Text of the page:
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Xenoblade Chronicles 3 (Switch) Preview

by John Rairdin - July 7, 2022, 9:02 am EDT
Total comments: 6

Our thoughts after the first few hours.

Ever since the original Xenoblade on Nintendo Wii, Monolith has been providing Nintendo fans with one of the most inventive and stunning open-world action JRPGs on the market. Whether the giant, long dead husks of Bionis and Mechonis in Xenoblade Chronicles, the much more lively titans of its sequel, or the seamless alien world of Mira in Xenoblade Chronicles X, each of these games felt distinct and somewhat isolated from each other. While yes, the original Xenoblade and Xenoblade 2 would ultimately prove to be connected by more than just numeric succession, each existed largely independently. That’s part of what makes Xenoblade Chronicles 3 so exciting. It represents the first direct follow up to two incredible games.

I won’t go deep into the story, partially because I’m simply not allowed to at this time, but also because I hold the stories of these games in high regard and have no interest in spoiling them. Rest assured that any story details I do mention are covered in what you’d essentially consider the tutorial. By Xenoblade standards, what I’ll mention in this preview correlates roughly to the events before you even leave Colony 9 at the start of the original Xenoblade.

What struck me immediately is the huge shift in tone for Xenoblade 3 versus the prior two mainline entries. There is no innocent youth who is pulled away from his home by the desire to do right. From the moment Xenoblade 3 begins, Noah, your primary character, is already a trained and capable soldier. He has been for his entire life. Rather than an archetypal call to action to send him out into the world, Noah is forced into an alliance with his enemies in order to flee for their lives. Their own nations pursue them after Noah and his party gain the power of the Oroburos somewhat against their will, allowing them to fuse into powerful beings. The world of Xenoblade 3 is one of turmoil and war, subverting any expectations you may have had based on the endings on Xenoblade or Xenoblade 2.

This is not to say that Xenoblade 3 feels unlike any other game in the series. The real-time, menu-based combat is here, built on the back of changes made in both Xenoblade 2 and its expansion, Torna ~ The Golden Country. While there are no sentient blades to accompany you on your journey, the new class system serves much the same purpose without the tedious gacha mechanics. Each character can learn the class of every other member of the party. While classes are separated into three basic categories—tank, attacker, and healer—each class has its own entirely unique moveset. The more you use a class, the more you’ll rank it up. Mastering a class by reaching rank ten then allows you to carry select skills and arts from that class over to another. This allows for a lot of freedom in how you ultimately build out each character.

The world is unified but separated into loading zones much like the original Xenoblade. That being said, the size of each zone is comparable to several of the original’s areas combined. The world looks beautiful too, just as you’d expect from a Xenoblade game. My initial impression is that Monolith has reigned in some small elements of their technical ambition as compared to Xenoblade 2 in exchange for performance and image quality. The grass doesn’t draw out quite as far but is significantly more 3D in appearance. To my eye the materials feel slightly pulled back as well. The result, however, is an overall higher rendering resolution in both docked and handheld mode. The opening areas also run significantly better than the prior game, rarely straying from their 30 frames-per-second target. I will say however that the culling distance on grass near to the camera is a bit too far out. It's fine if the camera is high in the air, but if you play with a lower camera or occasionally like to explore in first-person, like me, you may notice grass disappearing in a circle around the camera. Finally, I’ve noticed that at times, environment textures appear slightly unstable. This may be a result of image upscaling. I’ve spotted some edge flicker in select situations that could be a sign of this. It could also be the result of tessellation, as at times it almost appears as if the geometry itself is morphing slightly. All that being said, the environment textures aren’t a constant issue, and they’re likely one most players will never even notice. Taken all together, Xenoblade 3’s presentation resolves a significantly cleaner image on average than the prior Xenoblade entries on Switch. This applies both to docked and handheld play.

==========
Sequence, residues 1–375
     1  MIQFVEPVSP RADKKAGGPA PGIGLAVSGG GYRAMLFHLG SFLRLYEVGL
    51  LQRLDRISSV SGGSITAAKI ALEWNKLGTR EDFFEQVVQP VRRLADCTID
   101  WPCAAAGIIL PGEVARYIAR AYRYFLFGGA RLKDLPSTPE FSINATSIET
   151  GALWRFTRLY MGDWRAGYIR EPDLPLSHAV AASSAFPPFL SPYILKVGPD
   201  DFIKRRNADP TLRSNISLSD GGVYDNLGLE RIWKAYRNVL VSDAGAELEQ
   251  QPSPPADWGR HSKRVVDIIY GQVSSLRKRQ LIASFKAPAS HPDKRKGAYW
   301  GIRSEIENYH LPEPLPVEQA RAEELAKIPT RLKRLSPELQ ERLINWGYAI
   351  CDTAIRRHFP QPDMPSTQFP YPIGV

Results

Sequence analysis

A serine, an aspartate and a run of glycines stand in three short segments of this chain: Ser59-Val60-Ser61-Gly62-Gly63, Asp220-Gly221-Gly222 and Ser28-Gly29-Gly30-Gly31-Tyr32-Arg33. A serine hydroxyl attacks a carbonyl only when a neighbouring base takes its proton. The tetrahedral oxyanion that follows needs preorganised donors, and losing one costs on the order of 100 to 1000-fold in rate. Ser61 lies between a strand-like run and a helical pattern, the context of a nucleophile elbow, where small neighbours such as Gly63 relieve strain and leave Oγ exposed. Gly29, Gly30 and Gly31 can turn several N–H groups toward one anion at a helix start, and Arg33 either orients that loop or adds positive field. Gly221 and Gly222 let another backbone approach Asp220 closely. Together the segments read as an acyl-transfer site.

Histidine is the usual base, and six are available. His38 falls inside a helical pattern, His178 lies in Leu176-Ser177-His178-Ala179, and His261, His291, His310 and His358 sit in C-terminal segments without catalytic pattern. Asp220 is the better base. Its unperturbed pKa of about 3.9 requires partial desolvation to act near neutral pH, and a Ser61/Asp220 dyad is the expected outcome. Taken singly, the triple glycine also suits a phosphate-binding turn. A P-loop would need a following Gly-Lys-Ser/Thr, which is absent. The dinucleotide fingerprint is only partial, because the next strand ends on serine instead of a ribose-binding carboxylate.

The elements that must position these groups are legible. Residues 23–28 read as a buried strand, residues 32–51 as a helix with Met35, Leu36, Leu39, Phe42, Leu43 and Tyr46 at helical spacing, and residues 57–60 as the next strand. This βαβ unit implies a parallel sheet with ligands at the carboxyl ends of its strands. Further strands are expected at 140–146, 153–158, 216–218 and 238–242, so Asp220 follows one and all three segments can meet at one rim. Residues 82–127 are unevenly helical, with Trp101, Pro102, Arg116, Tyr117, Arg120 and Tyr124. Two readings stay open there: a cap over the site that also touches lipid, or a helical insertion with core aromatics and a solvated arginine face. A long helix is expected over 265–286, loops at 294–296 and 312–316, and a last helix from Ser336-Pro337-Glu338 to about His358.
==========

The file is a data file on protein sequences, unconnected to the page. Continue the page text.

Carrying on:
We’ve still got a while before I can provide my full formal review, which is good, because I still have plenty of game left to play. For now, suffice it to say that Xenoblade Chronicles 3 seems to be doing an excellent job at moving the series forward in new and interesting ways. Mechanically, they’ve taken what worked and re-imagined what didn’t, and it is a noticeable improvement. On the technical front, Monolith continues to push hard against the outermost limits of the Switch’s capabilities, while turning in a more appealing overall level of performance than their previous efforts. As for the story, well, I don’t want to ruin that for you. Plus the ninjas would be after me if I did.

A review copy was provided by Nintendo


EnnerJuly 08, 2022

Good to hear that the technical fidelity of the game has approved from Xenoblade 2.

Eager to get my copy of the game and see what's what!

broodwarsJuly 08, 2022

It's good to hear that the perfornance is significantly better than what we saw with Xenoblade 2, which frequently chugged. After SMT 5 turned out to perform so poorly recently on Switch, I didn't think Xeno 3 would fare much better.

Luigi DudeJuly 08, 2022

Xenoblade 2's performance was the result of it being rushed like crazy to reach the end of 2017 since Nintendo wanted to make sure the Switch first year was as stacked as possible.  Xenoblade 3 on the other hand has had a lot more time to be polished so I'd have been more surprised if it wasn't running better then the 2nd game. 

It's too bad I finished just finish Xenoblade: Definitive Edition last month and still have to do the Torna DLC for Xenoblade 2.  The original September release would have been perfect, but I'll get burnout if I play it at the end of this month.  I mean I don't mind waiting a few more month to buy it, but it's going to make avoiding spoilers much harder.  Need to basically stay off Youtube the next 3 months.

broodwarsJuly 10, 2022

Quote from: Luigi